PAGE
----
If there are any hobbies that you quit not because you didn’t enjoy them, but because you weren’t good enough at them, they are particularly worth revisiting. It could be that you quit the violin because you realised you’d never get to play a solo in the school orchestra, let alone the London Philharmonic, but you might still enjoy the instrument – possibly more than you did previously if you’re no longer putting yourself under pressure to succeed. There are some hobbies where the consensus seems to be that if you’re not amazing at them, there’s no point – writing fiction or playing a musical instrument, for example. But no one expects that you need to be a brilliant hiker to enjoy hiking, or an award-winning knitter to enjoy making yourself a scarf. Have a go at hobbies without the pressure, and see if you enjoy them more.
6. A book from an expert
If you’re the kind of person who reads academic texts in your favourite subjects all the time, feel free to skip this point.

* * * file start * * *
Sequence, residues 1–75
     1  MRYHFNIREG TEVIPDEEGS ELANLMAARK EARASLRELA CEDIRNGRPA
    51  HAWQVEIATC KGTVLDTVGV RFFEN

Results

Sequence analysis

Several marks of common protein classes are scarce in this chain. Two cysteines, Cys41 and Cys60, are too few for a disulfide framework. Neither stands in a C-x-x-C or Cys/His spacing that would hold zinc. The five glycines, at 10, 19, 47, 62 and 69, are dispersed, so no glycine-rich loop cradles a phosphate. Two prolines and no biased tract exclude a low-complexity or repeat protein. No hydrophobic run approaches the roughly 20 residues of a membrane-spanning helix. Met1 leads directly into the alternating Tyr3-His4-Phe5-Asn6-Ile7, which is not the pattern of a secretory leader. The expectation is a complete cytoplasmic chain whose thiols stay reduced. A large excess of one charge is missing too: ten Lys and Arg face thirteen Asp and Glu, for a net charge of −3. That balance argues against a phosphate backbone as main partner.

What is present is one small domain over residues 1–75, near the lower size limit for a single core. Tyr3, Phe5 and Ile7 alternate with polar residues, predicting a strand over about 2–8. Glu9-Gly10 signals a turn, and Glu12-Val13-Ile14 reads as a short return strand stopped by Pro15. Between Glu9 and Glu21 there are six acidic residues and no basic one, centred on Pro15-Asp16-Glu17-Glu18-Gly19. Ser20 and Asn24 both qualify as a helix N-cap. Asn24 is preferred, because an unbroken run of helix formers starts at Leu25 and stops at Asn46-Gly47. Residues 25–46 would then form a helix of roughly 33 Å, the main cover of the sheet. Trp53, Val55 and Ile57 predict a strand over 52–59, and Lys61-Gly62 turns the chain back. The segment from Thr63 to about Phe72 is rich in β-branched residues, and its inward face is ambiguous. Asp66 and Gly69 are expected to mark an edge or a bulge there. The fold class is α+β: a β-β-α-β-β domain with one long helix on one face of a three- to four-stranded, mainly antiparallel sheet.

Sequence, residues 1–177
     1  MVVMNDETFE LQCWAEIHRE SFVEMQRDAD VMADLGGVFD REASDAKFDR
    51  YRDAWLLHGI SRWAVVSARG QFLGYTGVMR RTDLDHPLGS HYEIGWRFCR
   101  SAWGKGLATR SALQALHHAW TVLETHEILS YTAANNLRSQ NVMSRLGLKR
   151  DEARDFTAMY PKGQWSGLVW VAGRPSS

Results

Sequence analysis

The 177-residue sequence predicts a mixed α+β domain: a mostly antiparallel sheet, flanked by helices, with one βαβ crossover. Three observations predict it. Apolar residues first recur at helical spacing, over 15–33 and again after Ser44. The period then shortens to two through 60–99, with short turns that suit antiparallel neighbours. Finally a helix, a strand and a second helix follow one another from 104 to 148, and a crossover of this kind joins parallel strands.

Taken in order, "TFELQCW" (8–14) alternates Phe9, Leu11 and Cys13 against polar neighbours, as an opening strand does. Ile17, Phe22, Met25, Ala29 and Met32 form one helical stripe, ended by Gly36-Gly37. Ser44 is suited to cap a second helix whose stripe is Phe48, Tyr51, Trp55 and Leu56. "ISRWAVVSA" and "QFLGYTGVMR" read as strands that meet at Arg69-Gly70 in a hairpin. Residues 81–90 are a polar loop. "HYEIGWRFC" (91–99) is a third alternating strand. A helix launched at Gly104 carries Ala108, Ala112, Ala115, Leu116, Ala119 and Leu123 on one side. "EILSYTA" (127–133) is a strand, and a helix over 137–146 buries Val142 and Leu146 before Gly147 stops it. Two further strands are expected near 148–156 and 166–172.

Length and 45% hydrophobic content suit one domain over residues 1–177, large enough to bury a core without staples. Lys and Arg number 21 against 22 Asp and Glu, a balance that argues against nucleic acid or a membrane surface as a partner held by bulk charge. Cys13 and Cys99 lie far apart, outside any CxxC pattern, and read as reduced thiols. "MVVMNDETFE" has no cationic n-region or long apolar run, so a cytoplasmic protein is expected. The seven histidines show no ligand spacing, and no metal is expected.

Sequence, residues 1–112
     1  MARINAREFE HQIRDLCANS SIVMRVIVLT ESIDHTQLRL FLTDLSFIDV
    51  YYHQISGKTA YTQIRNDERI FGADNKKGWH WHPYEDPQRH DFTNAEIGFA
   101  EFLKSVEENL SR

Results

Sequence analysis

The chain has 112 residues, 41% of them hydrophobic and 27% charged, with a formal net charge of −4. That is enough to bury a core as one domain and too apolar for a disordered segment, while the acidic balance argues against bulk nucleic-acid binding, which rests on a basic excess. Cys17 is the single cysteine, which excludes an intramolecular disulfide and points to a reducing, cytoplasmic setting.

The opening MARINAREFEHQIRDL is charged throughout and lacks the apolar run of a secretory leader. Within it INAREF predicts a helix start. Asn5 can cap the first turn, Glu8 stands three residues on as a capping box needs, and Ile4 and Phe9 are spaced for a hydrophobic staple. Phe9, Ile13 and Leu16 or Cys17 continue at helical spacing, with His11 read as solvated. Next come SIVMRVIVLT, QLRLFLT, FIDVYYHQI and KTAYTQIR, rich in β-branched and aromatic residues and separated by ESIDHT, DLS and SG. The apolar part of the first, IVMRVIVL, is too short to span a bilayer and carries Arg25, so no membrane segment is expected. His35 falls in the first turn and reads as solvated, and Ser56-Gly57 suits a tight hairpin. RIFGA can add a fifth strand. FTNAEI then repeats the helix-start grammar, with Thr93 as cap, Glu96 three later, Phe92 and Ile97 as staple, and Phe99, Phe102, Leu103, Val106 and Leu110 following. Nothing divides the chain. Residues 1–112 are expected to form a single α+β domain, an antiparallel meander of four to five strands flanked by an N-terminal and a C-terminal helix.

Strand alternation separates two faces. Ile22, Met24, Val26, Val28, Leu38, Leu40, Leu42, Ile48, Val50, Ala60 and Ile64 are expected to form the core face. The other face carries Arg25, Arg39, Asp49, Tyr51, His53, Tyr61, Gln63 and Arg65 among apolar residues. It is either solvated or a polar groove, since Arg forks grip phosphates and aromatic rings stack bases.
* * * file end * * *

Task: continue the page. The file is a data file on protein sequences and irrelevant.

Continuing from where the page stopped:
For everyone else, it’s rare that you’ll read an academic book, written by an expert in your field, while you’re at school. You might read the textbook that they wrote, or an article or two on Google Scholar. If you’re being really adventurous you might use their work as a reference book, looking up what you need in the index. But reading a whole text cover-to-cover? That’s not usually something anyone bothers with until they reach university.
So this year, get down to the less-trafficked section of your local bookshop and buy yourself a book from someone whose name starts with Dr about a field that interests you. It’s a great way to figure out if the field really does interest you, as opposed to you having a good teacher, or a better-written curriculum than your other subjects. It’s also good preparation for getting to grips with that kind of text later in your studies. And hopefully you’ll learn something interesting from it about the subject as well.